Learn how to spike an IV bag and how to prime IV tubing.
IV therapy is a standard part of patient care, and as a nurse you will be spiking and priming thousands of IV bags over your career. This skills takes a little bit of practice, but once you learn it, you will never forget it.
What is the goal of spiking an IV bag and priming the IV tubing?
The goal is to deliver an intravenous solution or medication to the patient’s bloodstream via tubing. It achieves this with the help of an IV pump (sometimes gravity is used rather than a pump) which regulates the flow of the solution.
So, what does “spiking the IV bag mean“? This means you will be penetrating the IV bag with the spike of the IV tubing into the spiking port of the IV bag so the contents can flow into the IV tubing and then into the patient.
What does “priming the IV tubing” mean? This means you will allow the solution in the IV bag to flow through the tubing to remove air. ALL air must be removed from the tubing to prevent an air embolism. Very, very small bubbles are okay. You will FIRST spike the IV bag and then prime the tubing.
Always label your tubing with the time and date you initiated it and when it expires. Most IV tubing supplies come with tubing labels or your hospital will have them stocked in patient alcoves. *Always follow your hospital’s protocol for tubing changes.
The CDC.gov recommends changing IV tubing that is used continuously and not used for blood, blood products, or fat emulsions (TPN, Lipids) every 96 hours. However, IV tubing used for blood, blood products, or fat emulsion should be changed every 24 hours.
Many hospital require you change out tubing that is NOT used for blood, blood products, or fat emulsions every 3-4 days (again ALWAYS follow hospital protocols) and 24 hours for tubing used for blood, blood products, and fat emulsions.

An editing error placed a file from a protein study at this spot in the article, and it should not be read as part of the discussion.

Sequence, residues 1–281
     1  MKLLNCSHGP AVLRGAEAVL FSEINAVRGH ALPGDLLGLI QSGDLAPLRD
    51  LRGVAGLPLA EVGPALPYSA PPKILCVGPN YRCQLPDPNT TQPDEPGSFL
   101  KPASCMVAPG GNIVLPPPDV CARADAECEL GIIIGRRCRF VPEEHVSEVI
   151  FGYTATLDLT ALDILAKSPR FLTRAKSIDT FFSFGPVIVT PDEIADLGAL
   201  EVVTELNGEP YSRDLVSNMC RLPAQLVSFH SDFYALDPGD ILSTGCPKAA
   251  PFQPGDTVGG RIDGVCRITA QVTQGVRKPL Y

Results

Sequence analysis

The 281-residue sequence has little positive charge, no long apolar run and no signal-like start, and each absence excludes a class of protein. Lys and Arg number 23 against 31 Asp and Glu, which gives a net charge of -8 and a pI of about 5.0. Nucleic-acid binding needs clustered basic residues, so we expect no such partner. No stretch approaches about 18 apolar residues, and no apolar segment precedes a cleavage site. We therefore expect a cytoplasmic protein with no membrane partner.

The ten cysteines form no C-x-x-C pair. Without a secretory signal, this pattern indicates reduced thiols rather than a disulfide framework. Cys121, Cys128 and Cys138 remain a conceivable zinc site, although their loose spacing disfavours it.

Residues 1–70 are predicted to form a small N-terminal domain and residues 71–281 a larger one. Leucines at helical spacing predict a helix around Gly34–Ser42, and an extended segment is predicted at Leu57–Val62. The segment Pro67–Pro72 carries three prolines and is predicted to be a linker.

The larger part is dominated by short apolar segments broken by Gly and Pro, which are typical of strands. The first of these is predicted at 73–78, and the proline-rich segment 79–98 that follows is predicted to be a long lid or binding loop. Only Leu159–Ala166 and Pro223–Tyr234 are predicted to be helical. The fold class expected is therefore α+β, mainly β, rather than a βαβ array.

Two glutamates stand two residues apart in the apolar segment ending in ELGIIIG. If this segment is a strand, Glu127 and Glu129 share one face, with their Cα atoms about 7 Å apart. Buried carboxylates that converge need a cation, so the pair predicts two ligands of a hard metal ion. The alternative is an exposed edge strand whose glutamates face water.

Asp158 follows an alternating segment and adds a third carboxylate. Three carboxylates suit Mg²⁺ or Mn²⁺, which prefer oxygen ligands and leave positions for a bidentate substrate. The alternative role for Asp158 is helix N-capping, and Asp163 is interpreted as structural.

Video Demonstration on How to Spike and Prime an IV Bag
Steps on How to Spike and Prime an IV Bag
- Wash hands (you will be using aseptic technique to prevent contamination to the IV line or bag)
- Open tubing packaging and un-kink it. Then roll the clamp to the closed position.
- Date and time the tubing (do it at the beginning so you don’t forget or it may get wet or lost)
- Open IV bag packaging (if it has it) and hold the IV bag in your non-dominate hand upside down…there are two ports on the bag…a medication administration port which you won’t be using and spiking port (see the picture below)…it is best to wear gloves during this part so you don’t get contaminated with the medication while spiking and priming…some IV solutions/medications can be dangerous…like nitroglycerin,chemo agents etc.
- Pull stopper off spiking port (keep port opening sterile and don’t touch it)
- Remove spike sleeve (don’t touch the spike)
- Spike the IV bag by inserting the spike into the spiking port (do this by performing a twisting motion)
- Hang bag on the IV pole
- Squeeze drip chamber until half way full (most chambers have a line on them..so fill to the line)
- Un-clamp clamp roller and allow the solution to drain all the way through the tubing
- Analyze the tubing and make sure there are no large air bubbles (very small ones are okay)…you can flick it or re-flush the line again to remove them. Note in the picture below the large amount of air…you don’t want this.
- Clamp the tubing shut with the roller clamp
- Connect to the patient when ready
More Nursing Skills
- CDC – Replacement of Administration Sets – 2011 BSI Guidelines – HICPAC. (2011). Cdc.gov. Retrieved 8 March 2017, from https://www.cdc.gov/hicpac/BSI/07-bsi-background-info-2011.htmles-2011.html